In a multinomial logistic regression, the predicted probability $\pi$ of each outcome $j$ (in a total of $J$ possible outcomes) is given by:

$ \pi_j = \frac{e^{A_j}}{1+\sum_{g \neq j}^Je^{A_j}} $

where the value $A_j$ is predicted by a series of predictor variables. For instance, here it is predicted by two covariates ($x_1$ and $x_2$), with their associated regression slopes $\beta_1$ and $\beta_2$, and the interaction between the two covariates (with associated regression slope $\beta_{12}$):

$ A_j = e^{(\alpha_j+\beta_{1,j}x_1+\beta_{2,j}x_2+\beta_{12,j}x_1x_2)} $

The model needs to be fitted to real data, and we will want to know how well it fits. For instance, perhaps out of a draw of 10 balls from a sack, 5 were red, 2 were green, and 3 were yellow. We are interested in whether the variables $x_1$ and $x_2$ associated with the sack allow us to predict this result if we plug in the values for $\beta_1$, $\beta_2$, and $\beta_{12}$ from the fitted model.

To obtain a measure of the goodness-of-fit of the model, we need to calculate the log-likelihood formula for a multinomial logistic regression. I am unsure how to go about this. What is the formula for log-likelihood in a multinomial logistic regression of the kind described above?


1 Answer 1


Let us assume that the probability of observing $\boldsymbol{x}$ under the condition that we are in class $\mathcal{C}_i$ is given by


If we get data $\mathcal{D}=\{(\boldsymbol{x}_1,\boldsymbol{t}_1),\ldots,(\boldsymbol{x}_N,\boldsymbol{t}_N) \}$, in which $\boldsymbol{t}$ is encoding the class as one-hot-encoding vector. For three classes $\boldsymbol{t}=[0,0,1]^T$ signifies that the corresponding observation $\boldsymbol{x}$ is from the third class.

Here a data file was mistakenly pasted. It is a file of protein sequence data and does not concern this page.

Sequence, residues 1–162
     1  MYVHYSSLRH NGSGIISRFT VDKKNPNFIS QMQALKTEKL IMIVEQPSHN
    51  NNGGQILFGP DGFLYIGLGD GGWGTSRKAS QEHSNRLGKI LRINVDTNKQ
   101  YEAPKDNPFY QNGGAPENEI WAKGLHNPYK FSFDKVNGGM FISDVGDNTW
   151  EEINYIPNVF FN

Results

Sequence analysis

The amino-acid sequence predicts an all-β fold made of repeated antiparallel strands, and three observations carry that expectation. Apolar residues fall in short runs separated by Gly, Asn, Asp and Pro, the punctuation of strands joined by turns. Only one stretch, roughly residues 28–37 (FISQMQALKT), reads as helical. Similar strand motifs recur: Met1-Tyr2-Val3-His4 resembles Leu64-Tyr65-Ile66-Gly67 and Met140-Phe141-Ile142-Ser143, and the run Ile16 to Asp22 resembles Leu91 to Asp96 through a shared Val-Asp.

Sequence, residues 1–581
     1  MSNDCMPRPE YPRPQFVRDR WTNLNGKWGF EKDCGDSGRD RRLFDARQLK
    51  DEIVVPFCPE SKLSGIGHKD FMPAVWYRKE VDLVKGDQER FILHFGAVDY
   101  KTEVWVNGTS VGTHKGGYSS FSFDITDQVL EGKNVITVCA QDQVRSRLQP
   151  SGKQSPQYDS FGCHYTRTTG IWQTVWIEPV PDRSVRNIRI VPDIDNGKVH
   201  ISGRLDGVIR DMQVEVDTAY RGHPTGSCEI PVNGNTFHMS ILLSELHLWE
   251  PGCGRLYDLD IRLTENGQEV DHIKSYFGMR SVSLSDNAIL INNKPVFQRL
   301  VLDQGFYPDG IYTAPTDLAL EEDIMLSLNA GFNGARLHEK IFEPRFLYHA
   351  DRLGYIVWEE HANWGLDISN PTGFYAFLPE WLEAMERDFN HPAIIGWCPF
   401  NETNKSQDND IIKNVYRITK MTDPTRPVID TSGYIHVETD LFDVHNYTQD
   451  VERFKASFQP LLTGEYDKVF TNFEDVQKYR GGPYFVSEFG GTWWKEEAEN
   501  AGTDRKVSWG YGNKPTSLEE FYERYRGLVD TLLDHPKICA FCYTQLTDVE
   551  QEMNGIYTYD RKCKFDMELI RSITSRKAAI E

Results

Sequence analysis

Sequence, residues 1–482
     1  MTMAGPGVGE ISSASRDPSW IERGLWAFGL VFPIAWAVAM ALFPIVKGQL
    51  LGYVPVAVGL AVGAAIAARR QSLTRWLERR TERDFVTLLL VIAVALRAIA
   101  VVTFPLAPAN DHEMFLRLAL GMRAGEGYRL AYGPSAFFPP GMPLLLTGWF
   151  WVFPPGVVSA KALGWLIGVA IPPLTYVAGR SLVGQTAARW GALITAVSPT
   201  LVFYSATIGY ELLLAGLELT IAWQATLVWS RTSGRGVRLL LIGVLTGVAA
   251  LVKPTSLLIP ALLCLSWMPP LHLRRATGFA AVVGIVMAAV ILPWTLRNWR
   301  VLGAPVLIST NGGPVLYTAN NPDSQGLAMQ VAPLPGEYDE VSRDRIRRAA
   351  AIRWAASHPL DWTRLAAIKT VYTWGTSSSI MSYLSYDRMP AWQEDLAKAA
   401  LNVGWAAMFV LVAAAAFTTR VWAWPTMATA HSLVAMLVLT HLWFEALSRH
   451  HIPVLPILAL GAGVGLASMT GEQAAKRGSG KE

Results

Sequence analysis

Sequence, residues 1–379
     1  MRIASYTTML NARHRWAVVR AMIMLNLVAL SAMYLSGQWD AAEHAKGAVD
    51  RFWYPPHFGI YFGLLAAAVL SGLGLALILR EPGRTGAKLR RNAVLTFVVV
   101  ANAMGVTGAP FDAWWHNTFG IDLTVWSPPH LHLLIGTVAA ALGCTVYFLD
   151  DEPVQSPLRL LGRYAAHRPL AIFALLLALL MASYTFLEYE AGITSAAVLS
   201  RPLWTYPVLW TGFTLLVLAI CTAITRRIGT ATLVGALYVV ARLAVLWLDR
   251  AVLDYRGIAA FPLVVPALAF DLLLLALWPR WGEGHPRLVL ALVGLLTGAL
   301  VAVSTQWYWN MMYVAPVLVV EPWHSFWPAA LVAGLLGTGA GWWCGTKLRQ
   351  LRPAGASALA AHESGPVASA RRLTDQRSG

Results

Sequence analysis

We are assuming that all observations are drawn independently (this allows us to multiply all probability distributions) from the same distribution (this allows using the same probability distribution for all observations). We rewrite the previous probability by using $\boldsymbol{t}=[t_1,\ldots,t_J]^T$. Note, that these are scalars (not bold face).


The likelihood to observe the data $\mathcal{D}$ is given by


Hence, the log-likelihood is given by

$$\log p(\boldsymbol{x}_1,\ldots,\boldsymbol{x}_N|\boldsymbol{t}_1,\ldots,\boldsymbol{t}_N)=\sum_{n=1}^{N}\sum_{j=1}^{J} t_{nj} \log\left[\dfrac{\exp(-\boldsymbol{w}^T_i\boldsymbol{x}_n)}{\sum_{l=1}^{J}\exp(-\boldsymbol{w}^T_l\boldsymbol{x}_n)}\right],$$

in which $t_{nj}$ is the $j^{\text{th}}$ component of the class vector $\boldsymbol{t}_n$ for the $n^\text{th}$ observation $\boldsymbol{x}_n$.

  • $\begingroup$ Thanks very much - very helpful! Makes sense that the log-likelihood for the whole model is the sum of the individual log-likelihoods over $N$. Is this still true if the model we are fitting has random effects? In my example, say some observations (coloured balls picked out of sacks) are drawn from sacks by the same person, so 'person' is a random effect. So the model used to predict the weights $w$ would include random effects. In this case, in a sense, the observations are not independent. Can we still sum the individual log-likelihoods to get the overall model's log-likelihood? $\endgroup$
    – Sprog
    Commented Feb 27, 2019 at 13:57
  • $\begingroup$ How is the superscript t_j in the second calculation used in the calculation? $\endgroup$
    – user782400
    Commented Jul 31, 2019 at 21:26

You must log in to answer this question.

Not the answer you're looking for? Browse other questions tagged .